In 1985, while the world was focused on the birth of the first.com, a new computer operating system called Windows and “Live Aid,” an Annapolis, Maryland, guitar repairman decided to create a namesake guitar company called Paul Reed Smith Guitars.
This is a truly distinctive Falcon—a classic G6136T model dressed in a soft blue finish that we call Crème de Marine. Together with the gold appointments and classic style, it’s an elegant look as calm as quiet seas.
Some bands — like Gwar or Ghost B.C., for example — don't need scary gear to be scary. That said, if they were wielding any of the axes featured in this photo gallery, well, let's just say it wouldn't hurt.
The gang over at Chicago Music Exchange (where I recently bought a Line 6 expression pedal for my M9) posted a demo video for a very rare 1955 Gretsch Duo Jet 6128 that was originally bought by Ben Harper.
We’ve seen many weird guitars made out of strange materials (a bull’s skull, a girl mannequin and a toilet seat, to name a few), but a film reel is one of the most unusual items we’ve ever encountered used for a guitar body. What’s even more unusual is that this highly unorthodox guitar, called the Filmocaster, was conceived and built by Nicholas Frirsz, who has specialized in building violins for four decades.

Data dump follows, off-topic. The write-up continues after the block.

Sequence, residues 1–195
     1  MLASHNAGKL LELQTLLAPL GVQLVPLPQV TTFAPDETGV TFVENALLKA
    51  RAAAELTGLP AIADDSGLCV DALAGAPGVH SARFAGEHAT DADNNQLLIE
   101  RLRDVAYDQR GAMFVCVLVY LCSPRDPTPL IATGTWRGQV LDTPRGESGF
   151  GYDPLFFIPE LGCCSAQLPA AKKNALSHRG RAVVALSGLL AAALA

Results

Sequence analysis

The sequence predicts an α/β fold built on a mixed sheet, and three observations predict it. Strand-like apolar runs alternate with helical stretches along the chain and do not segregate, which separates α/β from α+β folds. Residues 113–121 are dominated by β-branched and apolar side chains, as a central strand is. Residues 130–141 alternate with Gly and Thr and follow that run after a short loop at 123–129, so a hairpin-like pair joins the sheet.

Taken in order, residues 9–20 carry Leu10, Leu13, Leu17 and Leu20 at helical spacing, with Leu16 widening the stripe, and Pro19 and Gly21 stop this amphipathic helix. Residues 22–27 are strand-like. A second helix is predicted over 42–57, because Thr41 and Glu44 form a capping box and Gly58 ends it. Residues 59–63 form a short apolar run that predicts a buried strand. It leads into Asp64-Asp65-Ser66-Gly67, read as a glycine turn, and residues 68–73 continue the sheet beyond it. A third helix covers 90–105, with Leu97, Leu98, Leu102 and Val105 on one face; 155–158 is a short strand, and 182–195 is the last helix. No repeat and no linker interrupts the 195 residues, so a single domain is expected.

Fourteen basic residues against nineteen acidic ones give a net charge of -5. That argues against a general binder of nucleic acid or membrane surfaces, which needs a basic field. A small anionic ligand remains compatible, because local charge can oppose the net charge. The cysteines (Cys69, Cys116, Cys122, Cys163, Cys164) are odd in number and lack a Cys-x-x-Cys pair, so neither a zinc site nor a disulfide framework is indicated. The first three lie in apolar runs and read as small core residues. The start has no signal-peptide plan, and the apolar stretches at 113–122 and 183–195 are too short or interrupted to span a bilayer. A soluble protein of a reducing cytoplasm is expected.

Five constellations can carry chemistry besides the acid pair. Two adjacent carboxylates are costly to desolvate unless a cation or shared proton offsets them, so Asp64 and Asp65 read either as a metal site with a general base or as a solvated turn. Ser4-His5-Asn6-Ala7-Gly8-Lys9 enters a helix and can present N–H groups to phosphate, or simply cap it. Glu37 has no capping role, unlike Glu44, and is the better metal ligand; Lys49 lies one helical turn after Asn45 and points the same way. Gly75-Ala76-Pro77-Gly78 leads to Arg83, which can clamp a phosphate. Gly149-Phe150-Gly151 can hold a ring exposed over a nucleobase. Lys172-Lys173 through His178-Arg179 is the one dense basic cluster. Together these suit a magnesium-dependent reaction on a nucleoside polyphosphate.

Any guitar that features a flat top, double cutaways, dual humbuckers and a locking Floyd Rose is typically pigeonholed as a “shredder’s guitar,” suggesting a predetermined limit of expression and application. In fact, the platform was originally conceived to correct performance-limiting design flaws and, consequently, addressed the requirements of technically proficient virtuosos, helping them to develop their talents fully.